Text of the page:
4. #4
    Senior Member Toolshed's Avatar
    Join Date
    Jun 2014
    Independence, KY
    Yeah, being the guy who spends too much time in the ER for.... lets see....
    Bandsaw cutting halfway through the tip of a finger
    Tablesaw taking off 1/4" of a tumbtip

    I'm happy to hear you got away without going there....

    I wish you luck on the "restart" here....take it easy and wind this thing up. ;-)
    "If you work with your hands, you’re a laborer.
    If you work with your hands and your mind, you’re a craftsman.
    If you work with your hands and your mind and your heart, you’re an artist."

    Saint Francis of Assisi

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  5. #5
    Senior Member
    Join Date
    Nov 2012
    Ontario, Canada
    Congrats at getting back at it Chris. My ever continuing efforts to learn how to make stuff with molten metal has taken a back seat to life. Life happens as they say...

    Looking forward to the pics.

  6. #6
    All good!

    The basics of a cart are taking old floor jack that I kept for some reason is disassembled, a new middle section welded up and attached. The exhaust hole cut in the lid as well. Plus I think I have an idea what the lifter mechanism will be.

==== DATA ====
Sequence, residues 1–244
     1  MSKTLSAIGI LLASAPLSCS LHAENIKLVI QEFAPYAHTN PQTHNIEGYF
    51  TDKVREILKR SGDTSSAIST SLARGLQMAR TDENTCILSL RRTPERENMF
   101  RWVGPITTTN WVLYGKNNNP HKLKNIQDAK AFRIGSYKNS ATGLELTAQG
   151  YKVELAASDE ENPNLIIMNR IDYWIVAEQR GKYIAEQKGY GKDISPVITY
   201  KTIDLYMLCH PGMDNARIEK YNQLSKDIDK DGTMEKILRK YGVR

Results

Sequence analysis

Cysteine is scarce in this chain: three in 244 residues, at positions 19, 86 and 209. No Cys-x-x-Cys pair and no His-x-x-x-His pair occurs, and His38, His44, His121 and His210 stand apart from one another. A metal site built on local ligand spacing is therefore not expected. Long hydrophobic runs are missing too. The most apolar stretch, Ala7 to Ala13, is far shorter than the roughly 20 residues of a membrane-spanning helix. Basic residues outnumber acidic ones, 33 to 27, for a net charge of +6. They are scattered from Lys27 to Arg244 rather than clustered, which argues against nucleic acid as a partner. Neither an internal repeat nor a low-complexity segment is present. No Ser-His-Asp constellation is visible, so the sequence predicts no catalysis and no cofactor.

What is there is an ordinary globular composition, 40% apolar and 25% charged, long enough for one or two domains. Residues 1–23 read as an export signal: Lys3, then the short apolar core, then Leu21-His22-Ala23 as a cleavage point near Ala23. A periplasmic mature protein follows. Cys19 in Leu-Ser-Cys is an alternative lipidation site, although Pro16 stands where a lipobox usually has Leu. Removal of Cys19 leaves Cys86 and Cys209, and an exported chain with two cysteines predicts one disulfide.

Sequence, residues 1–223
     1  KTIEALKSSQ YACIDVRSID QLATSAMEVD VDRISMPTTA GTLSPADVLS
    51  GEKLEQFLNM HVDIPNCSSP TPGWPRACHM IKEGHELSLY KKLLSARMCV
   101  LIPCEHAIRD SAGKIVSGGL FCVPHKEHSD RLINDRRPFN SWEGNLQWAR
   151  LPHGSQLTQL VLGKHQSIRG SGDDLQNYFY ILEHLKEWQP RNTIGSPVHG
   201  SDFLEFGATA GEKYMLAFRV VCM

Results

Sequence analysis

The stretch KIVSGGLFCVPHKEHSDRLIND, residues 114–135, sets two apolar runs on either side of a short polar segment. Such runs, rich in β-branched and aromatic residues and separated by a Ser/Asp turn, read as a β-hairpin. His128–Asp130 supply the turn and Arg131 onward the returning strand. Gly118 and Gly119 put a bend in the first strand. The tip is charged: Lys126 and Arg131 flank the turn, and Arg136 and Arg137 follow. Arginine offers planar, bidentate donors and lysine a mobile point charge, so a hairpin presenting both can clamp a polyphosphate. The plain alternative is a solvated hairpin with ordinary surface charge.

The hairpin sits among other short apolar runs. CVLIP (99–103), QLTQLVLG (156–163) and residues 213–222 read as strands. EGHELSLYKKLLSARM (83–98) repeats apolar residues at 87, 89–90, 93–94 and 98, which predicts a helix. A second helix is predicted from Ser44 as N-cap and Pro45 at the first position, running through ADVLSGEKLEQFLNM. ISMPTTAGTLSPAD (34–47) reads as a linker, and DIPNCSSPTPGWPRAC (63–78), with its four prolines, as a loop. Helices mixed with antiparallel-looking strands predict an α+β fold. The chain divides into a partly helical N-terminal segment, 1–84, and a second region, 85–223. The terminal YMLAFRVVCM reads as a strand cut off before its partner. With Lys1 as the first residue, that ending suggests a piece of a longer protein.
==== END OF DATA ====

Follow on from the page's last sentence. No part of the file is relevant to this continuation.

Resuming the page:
Some pictures in an order.

    Don't rush yer shop time!!!
    Last edited by chris.trotter; 10-23-2015 at 12:03 PM.

  7. #7
    Senior Member
    Join Date
    Nov 2012
    Ontario, Canada
    I can't view any of your pics Chris

  8. #8
    same, shows invalid attachments.

  9. #9
    Try that...guess the attachments are per-session, not 'upload once'. My bad!

  10. #10
    Senior Member
    Join Date
    Jan 2012
    Buffalo, NY
    Congrats on your progress, and on #3 Chris. It looks like you're making the most of your available shop time. I like your use of the cannibalized floor jack. I tend to overdo so take it for what it's worth: if you have a couple of extra lengths of that angle iron I would weld uprights from the unsupported corners of the frame to the jack sides. Your furnace will be heavy and the extra support will add rigidity as well as taking some of the load off your existing welds.
    Keep up the good work!